”It’s a question of dignity”
- Most Filipinos are not aware of their rights. The majority of the people can’t influence their own lives or the development in their society. Without knowledge of one’s rights, one can’t change one’s situation. This is why I think education makes a difference, says 26 year old Geoffrey “Union” Labudahon, who got his nickname from his strong commitment to union rights.
Geoffrey is one of many Filipinos from disadvantaged backgrounds. The Philippine society is characterized by huge class differentiation and more than one fourth of the population is living below the poverty line. At the same time some of the world’s richest persons are registered in the country and the already huge gap in income is widening. In the wake of the financial crisis unemployment, food prices, privatization and the amount of insecure employments have increased.
– For a poor family with seven children, life was difficult, Geoffrey says. As a child I dreamed of getting a high-ranked position in a well renowned company. My goal was to make a lot of money in order to better the situation for me and my family.
Geoffrey studied at the university to fulfill his dream. In order to finance his education he worked as home deliveryman at a popular fast food chain. The working conditions were bad and as a contractual worker he had no possibilities to influence the situation.
– There are no trade unions in the fast food industry. Salaries are low, there are no benefits and a lot of over-time. Health insurance was taken from the salary but I later found out that the company never forwarded the money to the authorities.
Contractual employment generally equals lower salaries and absence of benefits such as health insurance and paid leave. This form of employment is getting more common in the Philippines and many employers fire permanent employees and then reemploy them as contractual workers. In spite of labour legislation there are many methods used to oppose union organization. Union activists are threatened, harassed and dismissed by employers all over the country. For contractual workers the ever present fear of not getting their contracts prolonged the step to becoming active in the trade unions is even bigger.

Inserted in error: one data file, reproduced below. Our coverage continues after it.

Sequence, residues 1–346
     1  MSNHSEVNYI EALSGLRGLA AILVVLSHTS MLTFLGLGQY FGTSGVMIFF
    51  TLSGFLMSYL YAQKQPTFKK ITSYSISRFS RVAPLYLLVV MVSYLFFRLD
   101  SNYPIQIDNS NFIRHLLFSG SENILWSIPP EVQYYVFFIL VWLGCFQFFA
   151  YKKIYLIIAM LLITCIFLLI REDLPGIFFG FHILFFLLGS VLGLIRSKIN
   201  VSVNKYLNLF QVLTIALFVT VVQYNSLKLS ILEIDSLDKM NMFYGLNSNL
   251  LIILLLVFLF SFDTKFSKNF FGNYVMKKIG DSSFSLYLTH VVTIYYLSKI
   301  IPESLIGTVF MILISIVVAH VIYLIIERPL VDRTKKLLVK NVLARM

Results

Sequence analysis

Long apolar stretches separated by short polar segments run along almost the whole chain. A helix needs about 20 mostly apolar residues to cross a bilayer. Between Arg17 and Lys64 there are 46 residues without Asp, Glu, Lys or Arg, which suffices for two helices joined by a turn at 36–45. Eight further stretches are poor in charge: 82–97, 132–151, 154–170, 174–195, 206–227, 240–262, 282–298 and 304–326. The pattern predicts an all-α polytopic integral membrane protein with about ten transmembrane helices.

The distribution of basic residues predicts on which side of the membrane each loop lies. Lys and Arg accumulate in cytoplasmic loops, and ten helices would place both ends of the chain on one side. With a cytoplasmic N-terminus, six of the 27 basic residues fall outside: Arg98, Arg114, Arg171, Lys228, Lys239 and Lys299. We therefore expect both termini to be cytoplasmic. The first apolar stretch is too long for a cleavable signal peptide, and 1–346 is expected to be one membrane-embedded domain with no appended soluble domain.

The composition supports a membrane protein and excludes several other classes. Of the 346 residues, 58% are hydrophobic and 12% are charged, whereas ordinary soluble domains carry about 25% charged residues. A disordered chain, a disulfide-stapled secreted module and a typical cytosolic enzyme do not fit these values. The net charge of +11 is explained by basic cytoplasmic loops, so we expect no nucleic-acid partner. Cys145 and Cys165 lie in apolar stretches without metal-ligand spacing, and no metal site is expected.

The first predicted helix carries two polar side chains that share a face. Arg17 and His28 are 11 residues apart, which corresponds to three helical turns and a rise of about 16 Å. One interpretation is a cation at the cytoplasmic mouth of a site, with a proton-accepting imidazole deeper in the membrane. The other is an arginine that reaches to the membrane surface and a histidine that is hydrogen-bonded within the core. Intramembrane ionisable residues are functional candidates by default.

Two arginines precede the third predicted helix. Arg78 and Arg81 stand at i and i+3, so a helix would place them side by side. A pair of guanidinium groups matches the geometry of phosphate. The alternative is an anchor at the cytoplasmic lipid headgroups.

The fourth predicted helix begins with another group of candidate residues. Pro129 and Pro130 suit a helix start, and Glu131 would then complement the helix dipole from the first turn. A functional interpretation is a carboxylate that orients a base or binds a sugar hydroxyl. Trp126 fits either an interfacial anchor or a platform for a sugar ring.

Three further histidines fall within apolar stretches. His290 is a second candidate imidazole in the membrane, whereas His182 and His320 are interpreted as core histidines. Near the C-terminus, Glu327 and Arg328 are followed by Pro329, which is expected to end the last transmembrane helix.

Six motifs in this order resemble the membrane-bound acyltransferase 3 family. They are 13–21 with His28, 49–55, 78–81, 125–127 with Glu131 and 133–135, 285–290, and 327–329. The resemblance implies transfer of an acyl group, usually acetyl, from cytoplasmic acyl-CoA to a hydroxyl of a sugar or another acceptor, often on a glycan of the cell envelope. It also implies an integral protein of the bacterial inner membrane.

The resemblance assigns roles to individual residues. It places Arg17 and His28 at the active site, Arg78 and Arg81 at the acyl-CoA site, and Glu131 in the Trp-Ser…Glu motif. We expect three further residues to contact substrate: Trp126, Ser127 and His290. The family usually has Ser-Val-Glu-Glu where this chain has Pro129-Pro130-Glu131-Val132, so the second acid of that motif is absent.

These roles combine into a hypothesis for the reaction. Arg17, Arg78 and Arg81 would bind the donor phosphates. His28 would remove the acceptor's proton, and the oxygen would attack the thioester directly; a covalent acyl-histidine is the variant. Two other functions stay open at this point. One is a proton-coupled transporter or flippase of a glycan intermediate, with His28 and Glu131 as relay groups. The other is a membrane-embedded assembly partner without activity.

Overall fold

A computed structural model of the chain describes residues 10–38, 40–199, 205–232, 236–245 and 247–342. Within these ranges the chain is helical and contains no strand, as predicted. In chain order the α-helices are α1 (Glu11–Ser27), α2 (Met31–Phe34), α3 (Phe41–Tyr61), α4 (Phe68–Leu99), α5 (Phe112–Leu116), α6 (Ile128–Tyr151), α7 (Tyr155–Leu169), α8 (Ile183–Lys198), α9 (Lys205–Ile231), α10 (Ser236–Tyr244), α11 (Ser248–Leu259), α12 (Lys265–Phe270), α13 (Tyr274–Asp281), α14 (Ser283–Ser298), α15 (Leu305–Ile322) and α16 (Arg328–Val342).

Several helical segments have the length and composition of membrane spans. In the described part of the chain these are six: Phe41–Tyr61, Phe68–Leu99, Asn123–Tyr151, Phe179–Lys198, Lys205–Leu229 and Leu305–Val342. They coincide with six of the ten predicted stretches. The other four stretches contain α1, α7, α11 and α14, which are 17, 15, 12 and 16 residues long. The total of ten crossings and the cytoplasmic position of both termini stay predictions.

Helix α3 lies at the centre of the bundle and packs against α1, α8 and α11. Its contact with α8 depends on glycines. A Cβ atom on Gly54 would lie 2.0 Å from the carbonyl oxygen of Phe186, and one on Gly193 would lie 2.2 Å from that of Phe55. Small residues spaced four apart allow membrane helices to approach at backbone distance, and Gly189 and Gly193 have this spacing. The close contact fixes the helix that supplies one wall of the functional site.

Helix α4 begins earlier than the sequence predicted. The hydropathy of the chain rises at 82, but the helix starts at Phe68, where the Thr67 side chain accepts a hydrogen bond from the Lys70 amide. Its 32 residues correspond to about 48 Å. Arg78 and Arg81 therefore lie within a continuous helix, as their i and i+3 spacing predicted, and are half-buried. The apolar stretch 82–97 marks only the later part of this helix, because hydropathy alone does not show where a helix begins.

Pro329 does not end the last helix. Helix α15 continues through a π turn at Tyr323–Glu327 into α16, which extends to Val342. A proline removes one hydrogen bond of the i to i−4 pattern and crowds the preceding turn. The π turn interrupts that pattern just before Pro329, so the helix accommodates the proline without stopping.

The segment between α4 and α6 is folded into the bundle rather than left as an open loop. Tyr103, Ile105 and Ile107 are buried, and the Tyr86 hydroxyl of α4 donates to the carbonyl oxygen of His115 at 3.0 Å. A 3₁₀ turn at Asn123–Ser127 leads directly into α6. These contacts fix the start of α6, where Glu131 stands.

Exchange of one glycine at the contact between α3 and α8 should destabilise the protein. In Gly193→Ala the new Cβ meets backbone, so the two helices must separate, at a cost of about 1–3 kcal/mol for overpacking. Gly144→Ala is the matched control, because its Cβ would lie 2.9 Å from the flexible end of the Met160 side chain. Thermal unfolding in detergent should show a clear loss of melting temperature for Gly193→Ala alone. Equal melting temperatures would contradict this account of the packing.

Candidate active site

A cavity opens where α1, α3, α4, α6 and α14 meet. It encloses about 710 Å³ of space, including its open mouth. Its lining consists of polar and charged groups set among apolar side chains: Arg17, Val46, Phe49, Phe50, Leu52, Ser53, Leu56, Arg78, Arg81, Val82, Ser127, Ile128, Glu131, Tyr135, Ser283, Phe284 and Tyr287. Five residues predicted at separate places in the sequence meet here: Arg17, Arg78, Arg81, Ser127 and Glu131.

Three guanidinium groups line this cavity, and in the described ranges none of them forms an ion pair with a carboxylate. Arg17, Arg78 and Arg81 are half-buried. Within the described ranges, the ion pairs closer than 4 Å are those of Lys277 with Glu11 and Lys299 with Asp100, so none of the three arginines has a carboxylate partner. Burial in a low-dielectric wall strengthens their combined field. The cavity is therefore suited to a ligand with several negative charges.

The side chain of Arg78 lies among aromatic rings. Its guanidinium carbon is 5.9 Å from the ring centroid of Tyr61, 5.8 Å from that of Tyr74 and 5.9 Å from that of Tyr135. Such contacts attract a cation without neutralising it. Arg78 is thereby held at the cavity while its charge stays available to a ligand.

Geoffrey’s employment did not last long at any of the fast food companies that he worked at. Eventually he started working at SM Supermalls, the leading Philippine chain mall. The proclaimed goal of the company campaign, SM cares – let’s do our share, is to contribute to a positive change in the country and portraying the chain as a precursor in corporate social responsibility. Geoffrey finds this laughable. Also at SM Supermalls he was, like many others, a contractual worker:
– SM Supermalls have 22 000 contractual employees. Consequently the company is the biggest offender of union rights in the Philippines. According to the latest publication of the National Statistics Office the owner earns more than the total Philippine state. At the same time he actively contributes to marginalizing the taxpaying workers, Geoffrey explains.
The years before his graduation Geoffrey started working for the popular education organization LEARN (Labor Education and Research Network) with a project for trade union rights in the post- and telecom sector. The project was carried out in cooperation with the Swedish union branch SEKO Seafarers and the Olof Palme International Center. Established shortly after the uprising against the Marcos dictatorship, LEARN was the first organization of the Philippine labour movement.
The labour movement in the Philippines today consists of several elements: popular education, trade union organizations and a political party, working together to improve the situation for the workers of the Philippines.
– It is a question of dignity and what road one wants to walk down in life. I don’t have the enormous salary that I used to dream of but my dream of a more fair society makes me want to stay at LEARN. I don’t think only about myself anymore but about how I can improve the situation for every Filipino.
Text and photo: Viktoria Svensson Tordenborn
Translation: Otto Widmark